Young People’s Activities
While the reasons for drug and alcohol use and abuse are as varied as the drugs themselves, one often-cited opinion is that young people are tempted into a world of drugs and alcohol abuse due to boredom, a lack of direction or an absence of activities and friends that provide an “alternative” opportunity.
If, as a parent, carer, family member, religious leader or teacher, you are concerned about a young person (under the age of 18), you may wish to consider encouraging him or her to join one or more of the following activities in order to provide a means for them to make new friends, learn new skills and generally acquire habits and a lifestyle that make drugs and alcohol less appealing. Of course, membership of these groups does not guarantee the young person will not experiment with, or use, addictive substances, but current thinking certainly suggests it will, hopefully, be less likely.
Older teenagers or twenty-somethings may want to consider leadership positions within some of these organisations. Different age and other criteria apply, please contact the individual organisations for more information.
Activities In and Around Bexley Borough
Cadet forces include the Army, Air Cadets, Sea Cadets, St John’s Ambulance and police. Intended for young people aged from around 12 – 19 (although each force differs slightly), Cadets gives young people an opportunity to learn new skills, make new friends and master tasks that they may otherwise not be able to achieve. From the first major camp with the Army cadets to sailing or canoeing with the Sea Cadets there is a serious fun factor, combined with structure, discipline and the setting and achieving of person and team goals.
Fiona, 16, from Erith says: “I go to Cadets and really enjoy it. It’s good because it give you a whole new group of friends and its great for your social life. It is also fun and you can work toward a B-tech, do Duke of Edinburgh, go flying, camps and shooting and there are lots of opportunities to do something fun and different.”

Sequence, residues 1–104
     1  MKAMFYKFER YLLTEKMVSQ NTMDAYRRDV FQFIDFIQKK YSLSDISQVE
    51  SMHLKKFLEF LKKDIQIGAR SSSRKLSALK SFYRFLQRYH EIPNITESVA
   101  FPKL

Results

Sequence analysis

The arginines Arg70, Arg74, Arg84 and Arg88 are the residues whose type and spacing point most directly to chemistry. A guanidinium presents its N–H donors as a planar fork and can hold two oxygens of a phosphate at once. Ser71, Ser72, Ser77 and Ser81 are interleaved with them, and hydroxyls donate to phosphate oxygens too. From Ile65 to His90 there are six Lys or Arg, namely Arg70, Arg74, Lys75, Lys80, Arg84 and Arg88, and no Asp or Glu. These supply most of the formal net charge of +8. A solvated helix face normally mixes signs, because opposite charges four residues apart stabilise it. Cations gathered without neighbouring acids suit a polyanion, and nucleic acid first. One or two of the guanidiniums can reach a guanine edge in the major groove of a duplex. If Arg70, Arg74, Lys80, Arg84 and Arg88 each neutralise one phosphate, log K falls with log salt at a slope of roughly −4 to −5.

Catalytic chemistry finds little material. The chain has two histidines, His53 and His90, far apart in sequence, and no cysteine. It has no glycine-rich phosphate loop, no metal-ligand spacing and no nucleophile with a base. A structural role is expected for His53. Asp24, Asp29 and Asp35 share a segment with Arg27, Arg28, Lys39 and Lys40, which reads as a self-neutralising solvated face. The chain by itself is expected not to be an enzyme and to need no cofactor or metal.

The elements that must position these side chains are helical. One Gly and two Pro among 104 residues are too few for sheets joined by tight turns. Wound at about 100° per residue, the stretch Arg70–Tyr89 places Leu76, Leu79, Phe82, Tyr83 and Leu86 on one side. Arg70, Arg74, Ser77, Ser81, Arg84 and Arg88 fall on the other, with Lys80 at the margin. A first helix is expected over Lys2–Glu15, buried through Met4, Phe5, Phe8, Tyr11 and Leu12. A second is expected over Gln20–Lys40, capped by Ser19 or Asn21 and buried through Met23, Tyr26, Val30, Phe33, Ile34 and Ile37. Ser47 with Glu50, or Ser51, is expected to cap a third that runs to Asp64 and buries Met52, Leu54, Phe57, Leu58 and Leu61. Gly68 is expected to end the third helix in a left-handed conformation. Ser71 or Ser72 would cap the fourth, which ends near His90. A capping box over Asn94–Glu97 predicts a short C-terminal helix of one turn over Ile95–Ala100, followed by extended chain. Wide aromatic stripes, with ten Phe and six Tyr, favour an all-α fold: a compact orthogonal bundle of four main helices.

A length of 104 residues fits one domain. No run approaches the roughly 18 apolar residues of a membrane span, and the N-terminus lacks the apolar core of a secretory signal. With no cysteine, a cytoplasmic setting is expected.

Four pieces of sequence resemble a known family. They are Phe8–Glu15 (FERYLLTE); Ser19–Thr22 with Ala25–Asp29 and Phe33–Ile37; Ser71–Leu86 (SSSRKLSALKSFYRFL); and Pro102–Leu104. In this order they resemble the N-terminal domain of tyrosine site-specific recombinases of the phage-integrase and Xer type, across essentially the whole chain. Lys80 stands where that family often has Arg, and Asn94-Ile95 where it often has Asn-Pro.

To find out more about:
Army Cadets www.armycadets.com
Air Cadets www.aircadets.org
Sea Cadets seacadets.ms-sc.org
St John’s Ambulance Cadets www.sja.org.uk
The Met Police Cadets www.met.police.uk/cadets
Duke of Edinburgh
The London Borough of Bexley is a recognised operating authority for the Duke of Edinburgh (DoE) award. Suitable for young people aged 14-25, “The Duke of Edinburgh’s Award is an exciting and challenging program of practical, cultural and adventurous activities for young people. It encourages you to widen your interests, get involved in the community, and broaden your horizons.” DoE helps young people to make new friends, have fun, set and achieve goals and improve social skills and personal development.
Ross, 16, from Bexleyheath says: “The Duke of Edinburgh Award allows people to broaden their surroundings and interests by taking part in new sports and activities that they would not have otherwise tried. Whilst undertaking these activities, it allows people to form new friendships and develop existing friendships in a fun, safe environment. For me, the Award has taught me how to be committed to certain events, such as helping out at a Scout group every Wednesday after school, and to want to continue activities that I was already taking, such as playing golf and scrapbooking. And it looks great on my CV!”
To find out more about the Duke of Edinburgh Award within Bexley, contact the Awards Team at:
Welling Youth Centre
Tel: 020 8855 4046 ext.204 / 203
Fax: 020 8856 7527
Email: firstname.lastname@example.org or
Guiding includes Rainbows, Brownies and Guides as well as a Senior Section. Aimed at young girls from the age of five to young women of 25, Guiding appeals to everyone, with activities as diverse as abseiling to community projects and international travel. The focus is to provide opportunities for girls and young women to be challenged, learn new skills and acquire self respect.